In an effort to protect themselves and their families from financial hardship in the event of disability, many Americans decide to obtain long-term disability insurance. The person who obtains the policy is referred to as the “insured” and the insurance company that issues the policy is referred to as the “insurer.” This type of insurance policy is designed to pay the insured the salary, or a portion of it, that the insured would have earned if the insured had not become disabled. Insurance Company’s have an incentive to deny the largest claims. Thus, physicians (including surgeons), business executives, and other individuals with high income are subjected to bad faith practices with some frequency.
Sometimes when the insured becomes disabled the insurance company will refuse to honor its obligations under the insurance contract. Generally, the insurance company will claim that the insured is not actually disabled. If the insured proves that the insurance company is wrong, the insurance company will be liable for breach of contract. What does this mean? It simply means that the insurance company will be obligated to pay the insured the benefits it promised under the long-term disability insurance contract.
Damages for breach of contract may not be the only damages available to the insured if the insurer refused to pay in bad faith. Under Georgia law, O.C.G.A. § 13-6-11, a jury may award to the insured the expenses of litigation if the insurance company has acted in bad faith, been stubbornly litigious, or caused the insured unnecessary trouble and expense.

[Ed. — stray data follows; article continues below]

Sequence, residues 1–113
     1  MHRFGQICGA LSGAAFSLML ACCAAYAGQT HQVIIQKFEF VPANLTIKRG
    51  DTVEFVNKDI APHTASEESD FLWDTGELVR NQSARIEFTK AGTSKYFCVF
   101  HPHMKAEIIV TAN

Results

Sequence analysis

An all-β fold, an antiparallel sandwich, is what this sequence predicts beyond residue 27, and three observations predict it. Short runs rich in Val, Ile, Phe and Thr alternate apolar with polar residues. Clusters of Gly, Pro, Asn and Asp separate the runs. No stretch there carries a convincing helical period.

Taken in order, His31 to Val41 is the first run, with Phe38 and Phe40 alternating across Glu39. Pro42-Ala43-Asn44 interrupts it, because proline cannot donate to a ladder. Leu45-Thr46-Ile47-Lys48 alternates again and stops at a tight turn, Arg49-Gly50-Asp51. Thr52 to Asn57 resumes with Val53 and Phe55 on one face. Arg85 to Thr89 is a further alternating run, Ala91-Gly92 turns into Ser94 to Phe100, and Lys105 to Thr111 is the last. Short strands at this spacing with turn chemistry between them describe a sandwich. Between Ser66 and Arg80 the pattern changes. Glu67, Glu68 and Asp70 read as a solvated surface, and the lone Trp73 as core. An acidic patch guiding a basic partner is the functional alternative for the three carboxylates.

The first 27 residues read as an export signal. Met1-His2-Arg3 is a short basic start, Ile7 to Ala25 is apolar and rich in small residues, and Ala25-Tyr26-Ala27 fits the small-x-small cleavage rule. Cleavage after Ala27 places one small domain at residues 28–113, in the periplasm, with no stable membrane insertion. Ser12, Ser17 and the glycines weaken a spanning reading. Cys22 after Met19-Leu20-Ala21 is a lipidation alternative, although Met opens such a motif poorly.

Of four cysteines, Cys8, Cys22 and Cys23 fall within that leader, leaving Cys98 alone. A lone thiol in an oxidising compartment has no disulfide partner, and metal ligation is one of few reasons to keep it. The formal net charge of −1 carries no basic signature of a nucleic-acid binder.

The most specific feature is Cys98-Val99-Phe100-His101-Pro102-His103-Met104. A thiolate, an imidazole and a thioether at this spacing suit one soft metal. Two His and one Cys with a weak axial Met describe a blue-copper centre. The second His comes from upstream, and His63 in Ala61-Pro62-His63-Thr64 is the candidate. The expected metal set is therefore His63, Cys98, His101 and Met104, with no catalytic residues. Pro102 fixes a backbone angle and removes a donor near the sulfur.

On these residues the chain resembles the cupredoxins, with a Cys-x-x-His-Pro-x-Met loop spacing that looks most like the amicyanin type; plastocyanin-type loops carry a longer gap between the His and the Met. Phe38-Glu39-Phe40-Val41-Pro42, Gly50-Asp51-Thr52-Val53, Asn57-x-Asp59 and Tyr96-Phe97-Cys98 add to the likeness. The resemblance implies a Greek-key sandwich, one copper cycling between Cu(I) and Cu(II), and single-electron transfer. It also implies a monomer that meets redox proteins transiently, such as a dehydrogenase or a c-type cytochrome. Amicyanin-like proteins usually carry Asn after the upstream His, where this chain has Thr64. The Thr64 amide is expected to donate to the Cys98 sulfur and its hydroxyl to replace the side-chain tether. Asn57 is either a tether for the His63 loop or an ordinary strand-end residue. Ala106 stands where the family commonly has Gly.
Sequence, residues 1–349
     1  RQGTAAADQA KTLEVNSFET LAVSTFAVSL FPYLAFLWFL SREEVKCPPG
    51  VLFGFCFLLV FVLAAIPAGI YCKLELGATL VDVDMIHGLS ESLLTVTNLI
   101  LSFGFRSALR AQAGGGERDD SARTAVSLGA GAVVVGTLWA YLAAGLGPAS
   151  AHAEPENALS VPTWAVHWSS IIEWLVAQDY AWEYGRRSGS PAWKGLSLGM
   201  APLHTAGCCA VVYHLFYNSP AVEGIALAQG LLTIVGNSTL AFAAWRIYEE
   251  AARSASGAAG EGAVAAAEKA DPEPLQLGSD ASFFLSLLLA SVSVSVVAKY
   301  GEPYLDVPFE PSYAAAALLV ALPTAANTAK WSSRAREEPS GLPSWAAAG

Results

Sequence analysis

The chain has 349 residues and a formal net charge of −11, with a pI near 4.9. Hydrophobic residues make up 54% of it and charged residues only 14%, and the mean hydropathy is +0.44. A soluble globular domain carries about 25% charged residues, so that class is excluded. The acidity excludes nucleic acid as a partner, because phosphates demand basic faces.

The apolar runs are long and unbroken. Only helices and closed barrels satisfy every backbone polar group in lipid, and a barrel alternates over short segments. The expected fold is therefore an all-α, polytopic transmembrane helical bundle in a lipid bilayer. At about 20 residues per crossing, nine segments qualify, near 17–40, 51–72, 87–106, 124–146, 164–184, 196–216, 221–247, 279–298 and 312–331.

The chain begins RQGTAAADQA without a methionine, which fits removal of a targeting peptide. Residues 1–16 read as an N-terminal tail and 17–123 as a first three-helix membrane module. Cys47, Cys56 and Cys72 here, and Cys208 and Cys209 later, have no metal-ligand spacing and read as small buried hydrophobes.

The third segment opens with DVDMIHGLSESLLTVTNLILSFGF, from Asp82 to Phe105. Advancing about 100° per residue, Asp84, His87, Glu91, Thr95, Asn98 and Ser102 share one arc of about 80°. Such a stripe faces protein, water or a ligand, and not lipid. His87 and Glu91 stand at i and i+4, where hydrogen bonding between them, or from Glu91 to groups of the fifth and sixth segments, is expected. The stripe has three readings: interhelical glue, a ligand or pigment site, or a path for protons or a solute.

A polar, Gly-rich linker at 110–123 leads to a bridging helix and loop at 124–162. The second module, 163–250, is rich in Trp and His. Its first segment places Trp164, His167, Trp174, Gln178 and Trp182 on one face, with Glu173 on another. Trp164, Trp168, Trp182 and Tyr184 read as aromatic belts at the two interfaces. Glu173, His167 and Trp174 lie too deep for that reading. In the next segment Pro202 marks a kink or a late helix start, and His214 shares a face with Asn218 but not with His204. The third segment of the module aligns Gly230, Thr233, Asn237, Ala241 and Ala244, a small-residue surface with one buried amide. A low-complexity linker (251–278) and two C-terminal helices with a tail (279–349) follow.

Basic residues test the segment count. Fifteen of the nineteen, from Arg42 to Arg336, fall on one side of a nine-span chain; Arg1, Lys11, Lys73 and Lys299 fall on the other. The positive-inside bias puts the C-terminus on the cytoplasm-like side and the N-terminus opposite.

Additionally, the insured may have the right to bring an action against the insurance company for damages for bad faith, pursuant to O.C.G.A. § 33-4-6. For purposes of O.C.G.A. § 33-4-6, bad faith is defined as “any frivolous and unfounded refusal in law or in fact to pay according to the terms of the policy.” King v. Atlanta Cas. Ins. Co., 279 Ga. App. 554, 556 (2006). Insurance bad faith includes, but is not limited to, wrongfully denying a claim for benefits due under the insurance policy, not paying all of the benefits due under the insurance policy, failing to properly investigate a claim for benefits due under the insurance policy before denying the claim, or otherwise failing to pay the benefits due under the insurance policy without justification. For example, an insurance company could be found to have acted in bad faith if it takes the position that the insured is not disabled when the physicians who are treating the insured have indicated that the insured is disabled. Or, an insurance company might be liable for bad faith if it denies a claim for benefits due to the insured under the insurance policy on the ground that the condition that led to the disability was a “pre-existing” condition, when in fact there is no medical basis to conclude that the condition was “pre-existing.”
If the insured is successful in bringing a claim against the insurance company under O.C.G.A. § 33-4-6, the insurance company may be liable to the insured for “not more than 50 percent of the liability of the insurer for the loss or $ 5,000.00, whichever is greater, and all reasonable attorney’s fees for the prosecution of the action against the insurer.” This means that, if the insurance company refused in bad faith to pay the insured $1,000,000 in benefits due, the insurance company could be obligated to pay the insured $1,500,000 in damages, plus attorneys’ fees and the costs of bringing the action.
At The Law Offices of Wayne Grant, P.C., our dedicated Atlanta insurance bad faith lawyers can help you recover the compensation you deserve for losses you have suffered from an insurance company’s bad faith denial of your claim. Contact us today at 404-995-3955 or 866-249-5513 for a consultation.